Indicator Profile of Fine Particulate Matter (PM2.5) in Outdoor Air
Why Is This Important?Particulate matter (PM) is a mixture of solid particles such as dust, ash, smoke and droplets in the air. PM can be emitted directly from a source (e.g., smoke stacks, tail pipes or construction sites) or can form in the atmosphere from chemicals emitted by power plants, industries and cars.
Fine particles -- 2.5 microns in diameter or less (PM2.5) -- are of greatest health concern since they can be breathed deep into the respiratory tract. Exposure to these particles can lead to asthma attacks, coughing, shortness of breath, bronchitis, lung cancer, and premature death.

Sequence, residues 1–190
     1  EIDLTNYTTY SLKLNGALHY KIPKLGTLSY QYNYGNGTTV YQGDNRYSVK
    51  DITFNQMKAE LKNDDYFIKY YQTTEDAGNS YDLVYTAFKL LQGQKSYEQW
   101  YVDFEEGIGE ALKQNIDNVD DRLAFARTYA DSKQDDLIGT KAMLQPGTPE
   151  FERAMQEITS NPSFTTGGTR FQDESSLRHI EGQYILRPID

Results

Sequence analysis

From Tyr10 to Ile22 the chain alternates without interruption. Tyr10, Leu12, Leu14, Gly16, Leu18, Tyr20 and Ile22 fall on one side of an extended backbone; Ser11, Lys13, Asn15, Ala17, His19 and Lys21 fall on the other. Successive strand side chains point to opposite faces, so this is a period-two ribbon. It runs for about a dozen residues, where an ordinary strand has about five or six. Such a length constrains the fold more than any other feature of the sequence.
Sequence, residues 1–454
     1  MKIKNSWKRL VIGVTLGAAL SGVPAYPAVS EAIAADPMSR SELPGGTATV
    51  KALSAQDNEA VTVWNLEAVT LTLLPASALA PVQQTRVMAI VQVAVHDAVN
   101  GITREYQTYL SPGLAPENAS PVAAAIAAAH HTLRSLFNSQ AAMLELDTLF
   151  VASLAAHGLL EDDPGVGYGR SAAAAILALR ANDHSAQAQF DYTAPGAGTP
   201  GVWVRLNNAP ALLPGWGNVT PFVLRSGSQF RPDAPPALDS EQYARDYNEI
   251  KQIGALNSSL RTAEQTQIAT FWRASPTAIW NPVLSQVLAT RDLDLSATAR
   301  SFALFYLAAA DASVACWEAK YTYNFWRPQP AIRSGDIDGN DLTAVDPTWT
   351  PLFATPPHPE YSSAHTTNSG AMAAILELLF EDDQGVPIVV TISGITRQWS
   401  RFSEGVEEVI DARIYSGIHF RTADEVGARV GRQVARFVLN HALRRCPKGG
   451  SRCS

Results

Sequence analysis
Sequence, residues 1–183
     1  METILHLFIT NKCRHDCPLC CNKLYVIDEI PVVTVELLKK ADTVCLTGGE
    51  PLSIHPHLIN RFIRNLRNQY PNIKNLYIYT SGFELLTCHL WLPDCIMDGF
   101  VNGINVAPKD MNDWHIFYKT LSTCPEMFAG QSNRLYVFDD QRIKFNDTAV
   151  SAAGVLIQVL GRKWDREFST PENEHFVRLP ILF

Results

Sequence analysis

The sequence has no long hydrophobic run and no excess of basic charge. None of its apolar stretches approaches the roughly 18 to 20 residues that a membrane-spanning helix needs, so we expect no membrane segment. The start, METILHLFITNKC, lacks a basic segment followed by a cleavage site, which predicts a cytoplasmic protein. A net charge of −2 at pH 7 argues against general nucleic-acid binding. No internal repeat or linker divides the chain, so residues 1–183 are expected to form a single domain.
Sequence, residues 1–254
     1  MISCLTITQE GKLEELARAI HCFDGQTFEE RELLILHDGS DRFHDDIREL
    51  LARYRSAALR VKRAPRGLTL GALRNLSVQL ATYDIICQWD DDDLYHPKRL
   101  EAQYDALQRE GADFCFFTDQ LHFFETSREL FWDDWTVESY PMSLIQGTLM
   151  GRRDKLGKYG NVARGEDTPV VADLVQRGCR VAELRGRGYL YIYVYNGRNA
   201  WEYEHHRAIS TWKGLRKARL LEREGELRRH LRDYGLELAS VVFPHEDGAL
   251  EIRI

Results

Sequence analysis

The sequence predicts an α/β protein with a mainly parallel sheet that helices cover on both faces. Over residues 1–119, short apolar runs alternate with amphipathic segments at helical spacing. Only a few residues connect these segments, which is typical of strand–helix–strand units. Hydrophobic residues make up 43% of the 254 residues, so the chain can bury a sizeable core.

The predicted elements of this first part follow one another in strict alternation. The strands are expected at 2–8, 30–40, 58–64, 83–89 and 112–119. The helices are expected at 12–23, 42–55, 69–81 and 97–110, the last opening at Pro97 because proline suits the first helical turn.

Fine Particulate Matter in Outdoor Air, Percent of Days Exceeding PM2.5 Standard, 2001 Through 2010
Data NotesNo modeled air quality data are available beyond 2006. Exceedances for counties with 2007-2010 data are based upon monitored results.
Data SourcesBureau of Air Monitoring, New Jersey Department of Environmental Protection;
Other Graphical Views
DefinitionPercent of days (and number of person-days) in which the average concentration of fine particulate matter exceeds the regulatory standard at a monitoring point. Fine particulate matter is defined as particles that are 2.5 microns in diameter or less (PM2.5).
How We Calculated the Rates
Page Content Updated On 09/14/12, Published on 09/26/12